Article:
by CATHIE BELL
Carving has been how Jim Davis has brought his appreciation of other cultures into the religious setting.
Now the 74-year-old Blenheim resident has had his life’s work recognised by the Government, being made a Member of the New Zealand Order of Merit (MNZM) in the Queen’s Birthday honours for his services to Māori art, the Catholic Church and the community.
James Columba Davis, known as Jim, moved to New Zealand from Ireland in 1968, and has produced a range of traditional Māori carved furnishings and artworks for Catholic parishes throughout New Zealand since the late 1960s.
Mr Davis first produced a Pataka (tabernacle) for a new church in Stokes Valley and later carved Pataka for parishes in Wairoa, Motueka and Stoke.
He was a driving force behind the establishment of Tawhiti A Maru Marae in Wairoa, where he completed all of the carvings inside the whare nui and assisted with exterior carvings.
He designed the plan for the whare kai at Te Hora Marae in Canvastown, Marlborough.
On a voluntary basis, he produced carved panels with the names of everyone baptised at the parishes of Blenheim, Petone, Motueka, Waikanae, and Khandallah.
He has also carved other items for various parishes from lecterns to patronal saint figures. His carvings are also present internationally at locations in the United Kingdom, the United States, Australia, Ireland, and the Philippines.
Mr Davis also produced the first Tokelauan-English Missal — the first major publication in the Tokelauan language, he said.
Within the wider community, he has been involved with the Nelson and Marlborough Hospices since 2004 as a biographer.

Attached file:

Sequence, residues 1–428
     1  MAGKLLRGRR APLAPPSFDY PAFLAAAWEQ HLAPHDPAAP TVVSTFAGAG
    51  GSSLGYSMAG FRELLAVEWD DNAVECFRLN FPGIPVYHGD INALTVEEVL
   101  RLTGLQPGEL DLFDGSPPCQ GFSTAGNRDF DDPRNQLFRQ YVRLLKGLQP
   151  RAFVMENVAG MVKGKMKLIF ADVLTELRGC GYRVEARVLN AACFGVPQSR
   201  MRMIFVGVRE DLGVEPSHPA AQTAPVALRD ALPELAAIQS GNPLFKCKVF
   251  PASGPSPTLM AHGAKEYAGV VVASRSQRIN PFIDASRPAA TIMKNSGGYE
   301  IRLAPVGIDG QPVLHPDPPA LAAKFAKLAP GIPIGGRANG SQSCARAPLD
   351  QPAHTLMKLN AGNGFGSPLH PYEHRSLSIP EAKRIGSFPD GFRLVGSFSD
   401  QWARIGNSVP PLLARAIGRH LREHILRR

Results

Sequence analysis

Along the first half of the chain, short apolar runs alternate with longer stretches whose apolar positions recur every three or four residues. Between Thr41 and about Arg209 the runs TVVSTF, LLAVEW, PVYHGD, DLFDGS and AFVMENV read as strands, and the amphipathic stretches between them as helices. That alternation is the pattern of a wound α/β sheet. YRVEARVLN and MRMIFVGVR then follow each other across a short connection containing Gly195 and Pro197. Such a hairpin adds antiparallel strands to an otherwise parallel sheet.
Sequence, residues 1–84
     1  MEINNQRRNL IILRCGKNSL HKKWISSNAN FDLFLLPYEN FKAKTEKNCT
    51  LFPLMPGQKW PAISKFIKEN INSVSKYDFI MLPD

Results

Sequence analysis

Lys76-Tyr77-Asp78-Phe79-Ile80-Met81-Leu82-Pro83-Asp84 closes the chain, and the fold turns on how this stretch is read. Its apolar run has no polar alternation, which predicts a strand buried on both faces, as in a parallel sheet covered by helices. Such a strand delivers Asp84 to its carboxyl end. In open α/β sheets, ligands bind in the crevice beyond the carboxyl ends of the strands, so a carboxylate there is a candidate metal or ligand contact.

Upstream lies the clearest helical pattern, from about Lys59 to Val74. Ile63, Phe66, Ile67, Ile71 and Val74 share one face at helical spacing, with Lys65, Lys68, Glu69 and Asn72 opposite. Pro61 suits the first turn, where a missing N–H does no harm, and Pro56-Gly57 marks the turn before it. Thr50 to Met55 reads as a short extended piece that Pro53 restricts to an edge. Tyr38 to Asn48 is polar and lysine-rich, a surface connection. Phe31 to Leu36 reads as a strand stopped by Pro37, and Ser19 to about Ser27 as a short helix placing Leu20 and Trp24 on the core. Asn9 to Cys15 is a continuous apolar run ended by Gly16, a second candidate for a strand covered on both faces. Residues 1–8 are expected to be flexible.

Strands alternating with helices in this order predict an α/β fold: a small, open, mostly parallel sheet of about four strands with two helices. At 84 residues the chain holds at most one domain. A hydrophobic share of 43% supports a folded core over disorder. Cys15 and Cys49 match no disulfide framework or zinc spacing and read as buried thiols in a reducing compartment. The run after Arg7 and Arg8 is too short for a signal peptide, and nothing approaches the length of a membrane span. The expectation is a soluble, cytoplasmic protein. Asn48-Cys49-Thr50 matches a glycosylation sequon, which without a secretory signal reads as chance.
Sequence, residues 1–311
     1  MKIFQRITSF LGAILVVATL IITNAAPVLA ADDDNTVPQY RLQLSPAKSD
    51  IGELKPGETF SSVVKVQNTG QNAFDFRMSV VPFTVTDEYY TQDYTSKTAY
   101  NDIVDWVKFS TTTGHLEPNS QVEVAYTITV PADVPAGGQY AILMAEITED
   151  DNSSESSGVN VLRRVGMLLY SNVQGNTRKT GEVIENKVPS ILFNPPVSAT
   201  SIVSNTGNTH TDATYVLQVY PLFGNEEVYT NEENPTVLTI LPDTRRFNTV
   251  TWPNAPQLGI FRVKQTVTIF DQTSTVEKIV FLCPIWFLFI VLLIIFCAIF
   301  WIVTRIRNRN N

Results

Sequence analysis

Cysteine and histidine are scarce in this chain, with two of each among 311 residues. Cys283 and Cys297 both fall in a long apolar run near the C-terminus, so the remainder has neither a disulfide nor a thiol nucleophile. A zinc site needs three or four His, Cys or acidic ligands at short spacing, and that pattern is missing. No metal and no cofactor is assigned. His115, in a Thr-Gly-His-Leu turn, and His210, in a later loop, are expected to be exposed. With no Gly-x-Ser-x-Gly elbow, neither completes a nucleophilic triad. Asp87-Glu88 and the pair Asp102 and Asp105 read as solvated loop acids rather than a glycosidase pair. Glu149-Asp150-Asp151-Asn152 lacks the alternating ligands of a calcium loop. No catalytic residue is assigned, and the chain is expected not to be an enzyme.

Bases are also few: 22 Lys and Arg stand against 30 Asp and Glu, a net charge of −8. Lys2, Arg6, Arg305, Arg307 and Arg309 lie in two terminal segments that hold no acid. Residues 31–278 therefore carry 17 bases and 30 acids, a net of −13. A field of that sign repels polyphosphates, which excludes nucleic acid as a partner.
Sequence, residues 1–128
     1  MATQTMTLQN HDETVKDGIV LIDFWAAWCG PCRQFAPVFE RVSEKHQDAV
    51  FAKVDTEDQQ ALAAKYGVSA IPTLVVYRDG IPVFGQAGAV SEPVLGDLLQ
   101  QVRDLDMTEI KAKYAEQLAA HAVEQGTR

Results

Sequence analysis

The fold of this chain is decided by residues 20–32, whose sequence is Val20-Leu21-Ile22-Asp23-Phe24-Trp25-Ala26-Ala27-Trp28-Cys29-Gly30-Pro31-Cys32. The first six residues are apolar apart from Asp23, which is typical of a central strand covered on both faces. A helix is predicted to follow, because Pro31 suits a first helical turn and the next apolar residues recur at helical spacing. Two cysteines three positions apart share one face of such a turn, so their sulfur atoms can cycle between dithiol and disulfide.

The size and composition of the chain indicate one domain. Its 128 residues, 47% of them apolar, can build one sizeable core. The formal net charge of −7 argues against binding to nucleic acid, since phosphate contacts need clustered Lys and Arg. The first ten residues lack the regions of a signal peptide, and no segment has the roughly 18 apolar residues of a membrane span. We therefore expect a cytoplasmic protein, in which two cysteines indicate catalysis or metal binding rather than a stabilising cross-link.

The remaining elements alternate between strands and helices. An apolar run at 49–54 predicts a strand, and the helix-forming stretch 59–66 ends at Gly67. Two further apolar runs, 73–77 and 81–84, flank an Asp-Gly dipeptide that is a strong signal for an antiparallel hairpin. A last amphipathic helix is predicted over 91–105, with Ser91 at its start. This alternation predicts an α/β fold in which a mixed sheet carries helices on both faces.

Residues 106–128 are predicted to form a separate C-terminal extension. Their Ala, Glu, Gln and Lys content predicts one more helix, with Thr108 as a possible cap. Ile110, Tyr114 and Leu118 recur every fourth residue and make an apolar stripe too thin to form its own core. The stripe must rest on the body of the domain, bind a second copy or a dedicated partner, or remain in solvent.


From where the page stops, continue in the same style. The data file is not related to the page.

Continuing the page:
Such biographies are helpful for the people concerned in many ways. He set up the Menz Sheds in Waimea and Blenheim to provide social opportunities for older, isolated men, and is now a life member of the Blenheim Menz Shed, which he helped become debt-free and added an extension for light metal work.
Mr Davis said the honour was “pleasantly surprising”.
He said that, since he moved to New Zealand from Ireland just over 50 years ago, he has been interested in the multicultural nature of the community here. His carving has tried to introduce that into church buildings and decorations.
“Everywhere you go, church buildings are the same — the same sanctuary furniture, stations of the cross, patron saints
in a very European style. They show Jesus as a blond, blue-eyed man. No way was he like that in real life.”
Catholicism transformed the real Jesus into a European style and the Church into a European institution, Mr Davis said, and everywhere missionaries went, they told locals to discard their own signs and symbols.
“I guess I’ve been fighting against this all my life.” Asked if there was any particular piece he was most proud of, Mr Davis said he is proud of “everything really”.
“I have done a whole lot of things, I’m still doing a whole lot of things. As long as I’m standing above the ground, [I’d] better keep at it.”
Mr Davis also has a four-piece Celtic folk band — called “The Shamrock Touch” — which plays mainly in local retirement